New Zealand issues 4G spectrum

New Zealand issues 4G spectrum

Summary: New Zealand has made a push towards 4G network services, with its government confirming the initial frequency allocation from the old analog tv spectrum.

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New Zealand has made a push towards 4G network services, with its government confirming the initial frequency allocation from the old analog tv spectrum.

Some will go towards digital television, with the remainder for 4G networks and other "new uses". "These decisions will enable New Zealand to realise the productivity and economic benefits of emerging radio technologies, as well as helping to bring fast broadband to rural parts of the country," said ICT Minister Stephen Joyce.

The move comes as industry players were featured in the New Zealand media debating how such 4G offerings might be made available in New Zealand.

The spectrum allocations will come into effect sometime after the digital switchover (DSO), which is expected in New Zealand some time between 2013 and 2015. The spectrum between 502MHz and 694MHz is to be allocated for digital television use and the spectrum between 694MHz and 802MHz be allocated for new uses.

"This will allow New Zealanders to have access to significantly faster and better mobile broadband services as new fourth generation (4G) mobile phone and broadband services are implemented" said Joyce.

The report noted an earlier promise of spectrum being used for rural broadband but said such use had attracted little interest from submitters but further consideration of the best use of this spectrum will take place with a further report in 2011.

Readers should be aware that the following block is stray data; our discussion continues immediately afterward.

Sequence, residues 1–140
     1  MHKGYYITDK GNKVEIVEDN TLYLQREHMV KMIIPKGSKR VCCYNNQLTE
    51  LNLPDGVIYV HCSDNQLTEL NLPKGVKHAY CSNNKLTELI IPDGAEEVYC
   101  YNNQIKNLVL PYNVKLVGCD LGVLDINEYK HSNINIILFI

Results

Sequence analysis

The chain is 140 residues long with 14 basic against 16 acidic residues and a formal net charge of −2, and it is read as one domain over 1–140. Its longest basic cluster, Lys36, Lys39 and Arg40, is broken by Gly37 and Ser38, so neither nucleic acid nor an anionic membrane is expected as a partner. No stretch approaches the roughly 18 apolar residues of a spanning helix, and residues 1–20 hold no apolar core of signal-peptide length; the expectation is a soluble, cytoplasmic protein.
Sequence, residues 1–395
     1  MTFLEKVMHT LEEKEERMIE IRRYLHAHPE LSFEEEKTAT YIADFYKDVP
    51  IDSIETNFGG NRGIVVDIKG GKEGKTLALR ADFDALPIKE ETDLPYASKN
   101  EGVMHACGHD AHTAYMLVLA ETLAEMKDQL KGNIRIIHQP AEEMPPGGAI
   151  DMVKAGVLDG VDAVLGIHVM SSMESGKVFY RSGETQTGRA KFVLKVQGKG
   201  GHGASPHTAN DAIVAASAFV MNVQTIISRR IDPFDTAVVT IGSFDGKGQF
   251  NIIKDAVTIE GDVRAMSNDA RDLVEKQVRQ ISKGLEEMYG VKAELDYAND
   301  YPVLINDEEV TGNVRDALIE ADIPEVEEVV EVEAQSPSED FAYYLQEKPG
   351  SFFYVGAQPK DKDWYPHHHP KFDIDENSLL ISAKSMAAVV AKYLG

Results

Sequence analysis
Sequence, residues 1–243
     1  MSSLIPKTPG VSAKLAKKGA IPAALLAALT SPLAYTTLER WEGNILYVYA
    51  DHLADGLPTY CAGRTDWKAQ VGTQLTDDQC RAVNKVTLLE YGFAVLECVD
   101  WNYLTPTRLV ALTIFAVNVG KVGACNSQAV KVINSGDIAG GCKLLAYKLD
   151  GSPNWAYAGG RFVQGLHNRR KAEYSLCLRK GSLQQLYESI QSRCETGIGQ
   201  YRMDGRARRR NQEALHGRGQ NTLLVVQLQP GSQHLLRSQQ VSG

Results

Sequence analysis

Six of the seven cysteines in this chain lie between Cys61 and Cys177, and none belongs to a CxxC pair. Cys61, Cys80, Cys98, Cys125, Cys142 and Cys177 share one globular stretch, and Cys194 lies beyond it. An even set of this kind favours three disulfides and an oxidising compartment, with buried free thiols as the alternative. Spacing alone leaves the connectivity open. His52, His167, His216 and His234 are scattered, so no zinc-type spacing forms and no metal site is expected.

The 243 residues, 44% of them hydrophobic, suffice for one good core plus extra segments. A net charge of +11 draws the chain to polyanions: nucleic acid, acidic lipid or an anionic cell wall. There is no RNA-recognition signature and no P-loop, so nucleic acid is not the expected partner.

More detailed announcements covering Maori broadcasting interests and regional television would follow in 2010, with further reports on 4G due before government in 2011. But today's announcement would help organisations plan for the longer term.

The government statement says faster 4G speeds using Long Term Evolution technology would allow for new applications and services, as well as existing cellular telephony. But it would be up to the individual telcos as to when they might offer such services, with something expected after 2013.

"It is anticipated that existing mobile networks will need augmentation around the time of DSO, which will provide a timely opportunity to make a decision about whether to introduce 4G services," it said.

"Now that the boundaries have been set for the spectrum where 4G services could be deployed (694 — 806MHz), the next phase of planning is to finalise a technical frequency plan suitable for 4G usage, and following that, for government to determine a process for allocating the spectrum. The frequency plan needs to take account of what is being planned internationally, as well as the availability of equipment."

"This is to ensure that cost effective services and handsets will be available for use in New Zealand, and that both New Zealanders and visitors will be able to use international roaming services," it continued.

Vodafone NZ spokesperson Paul Brislen told ZDNet.com.au that he had "no idea yet" as to how today's announcement would impact on Vodafone's 4G plans and it will be next year before the company's spectrum team will look at it.

Telecom spokesperson Mark Watts told ZDNet.com.au that Telecom welcomed the announcement and the company would "move towards a 4G world". But for now, the company would focus on its 3G XT network.

Chris O'Connell, chairman of the Telecom Users Association of New Zealand (TUANZ), called the announcement "big stuff" but noted it was some years before 3G technology led to 3G services.

Much will depend on how the government allocates such spectrum, say through auctions, and whether groups might hold spectrum, as happened under 3G, he added. "All in all, I think it's good news," he said.

Topics: Mobility, Networking, New Zealand

Darren Greenwood

About Darren Greenwood

Darren Greenwood has been in journalism, not all of it IT, since the days of typewriters and long before the web spun its way around the world.

Coming from Yorkshire, he can be blunt, and though having resided in New Zealand, as well as Australia, for quite some time, he insists he is not one of the 'sheeple!'

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